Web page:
How much can I work when I receive Social Security disability benefits?
Will I lose my health coverage if I go to work?
What if I go to work and then my disability gets worse?
Consumers, families, advocates and professionals:
Do you have questions about Social Security’s work incentives and safety nets?
We open our toll-free telephone line on Mondays from 9:00 – 11:00 a.m. and on Thursdays from 2:00 – 4:00 p.m. to anyone. Call 1-855-384-2844.
You will speak with Shannon Smiles, a Certified Work Incentive Coordinator (CWIC).
This is a free, confidential service to help you make informed choices about going to work.
The Social Security Administration (SSA) administers the Social Security Disability Insurance (SSDI) program. This provides cash benefits and Medicare coverage to eligible disabled or blind individuals who have worked and paid into the Social Security trust fund. These contributions are the Federal Insurance Contributions Act (FICA) social security tax paid on a worker’s own earnings or those of his/her spouse or parents.
Some disability beneficiaries want to go to work. However, they worry about the effect of earnings on their cash and health benefits. For this reason, SSA offers work incentives and safety nets that let beneficiaries get used to working without worrying about how earnings will affect their disability benefits.
One important term to understand is Substantial Gainful Activity (SGA). Social Security uses this term to decide if you are doing productive work. They measure if a person is able to perform SGA by looking at how much you earn. In 2015, the SGA level is $1090. If you earn more than that amount, SSA may decide that you have the ability to work.
However, before your benefits are affected by earnings, Social Security provides beneficiaries with certain work incentives and safety nets.
These are the work incentives offered by SSA:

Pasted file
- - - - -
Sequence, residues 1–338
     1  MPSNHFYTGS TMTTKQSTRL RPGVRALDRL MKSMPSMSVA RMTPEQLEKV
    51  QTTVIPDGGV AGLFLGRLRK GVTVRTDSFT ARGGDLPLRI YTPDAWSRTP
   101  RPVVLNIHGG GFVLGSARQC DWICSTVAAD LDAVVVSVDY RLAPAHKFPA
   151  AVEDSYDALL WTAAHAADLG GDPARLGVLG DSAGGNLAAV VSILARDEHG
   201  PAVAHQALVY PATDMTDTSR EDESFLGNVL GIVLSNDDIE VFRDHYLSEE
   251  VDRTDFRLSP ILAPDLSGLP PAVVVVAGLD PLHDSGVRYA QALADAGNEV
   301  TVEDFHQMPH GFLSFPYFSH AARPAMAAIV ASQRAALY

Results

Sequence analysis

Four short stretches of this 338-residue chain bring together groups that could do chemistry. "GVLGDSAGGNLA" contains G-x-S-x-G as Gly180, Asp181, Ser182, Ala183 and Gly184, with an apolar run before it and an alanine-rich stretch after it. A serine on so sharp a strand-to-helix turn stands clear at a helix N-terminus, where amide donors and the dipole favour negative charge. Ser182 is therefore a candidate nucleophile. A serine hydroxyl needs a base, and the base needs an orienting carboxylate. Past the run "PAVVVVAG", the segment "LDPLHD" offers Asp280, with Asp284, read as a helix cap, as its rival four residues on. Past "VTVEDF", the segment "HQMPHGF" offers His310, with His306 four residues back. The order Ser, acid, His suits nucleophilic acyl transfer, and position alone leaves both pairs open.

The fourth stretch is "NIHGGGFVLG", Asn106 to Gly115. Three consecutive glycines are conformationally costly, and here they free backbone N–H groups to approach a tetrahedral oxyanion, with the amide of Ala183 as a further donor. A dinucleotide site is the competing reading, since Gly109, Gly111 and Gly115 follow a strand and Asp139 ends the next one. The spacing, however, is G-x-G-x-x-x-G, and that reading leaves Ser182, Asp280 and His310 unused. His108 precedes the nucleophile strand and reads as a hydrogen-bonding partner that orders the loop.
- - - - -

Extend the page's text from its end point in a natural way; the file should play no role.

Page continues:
The Trial Work Period (TWP) allows you to test your ability to work for at least nine months. During your TWP, you will receive your full disability cash and health benefits regardless of how much you earn as long as you continue to have a disabling impairment. SSA will count a month of earnings as a TWP if you earn more than $780 a month (in year 2015).
The nine months do not need to be consecutive. Your TWP will last until you have earned over the TWP amount for nine months within a rolling 60-month period.
The Grace Period is the first three months following your TWP in which you earn over SGA. During your Grace Period you will continue to receive your check. Your Grace Period can occur either during your EPE or sometime after you have completed your EPE. (See EPE below). This will depend on when you earn over SGA for the first time following your TWP.
Once you complete Phase 1 (TWP) you will begin Phase 2, the Extended Period of Eligibility (EPE). The EPE starts the month after your TWP ends. It lasts for 36 consecutive months. During this time, SSA will look to see if you have countable earnings that are above $1090 (the SGA level for the year 2015.) If so, you will not receive a disability check for that month.
In any month, if your countable earnings drop below $1090, you can contact SSA and ask them to reinstate your cash benefits for that month, without the need for a new application. You must continue to have a disabling impairment in addition to having earnings below the SGA level for that month.
The EPE is a very powerful work incentive that is designed to give beneficiaries the confidence to increase their earnings potential.
Phase 3 starts the month after the EPE ends. You will continue to receive your SSDI if your countable earnings are below SGA. If countable earnings continue to be above SGA after the EPE ends, eligibility for your SSDI benefits will terminate.
If the SSDI benefit terminates due to working, but then within 60 months from termination your countable earnings go below SGA (and you can't maintain SGA level work due to your disability) you can request Expedited Reinstatement of benefits (EXR). If you apply for EXR, you will receive up to six months of provisional benefits while SSA conducts a medical continuing disability review to see if you meet the eligibility criteria to be reinstated.
Even if SSA decides that your medical condition has improved, you will not have to pay back these temporary benefit checks.
There are also ways that you can reduce the amount of earnings that SSA counts toward SGA. These additional work incentives include Impairment Related Work Expenses and Subsidy and Special Conditions. SSA or a Certified Work Incentives Coordinator can explain these in more details and help you find out if they apply to your situation.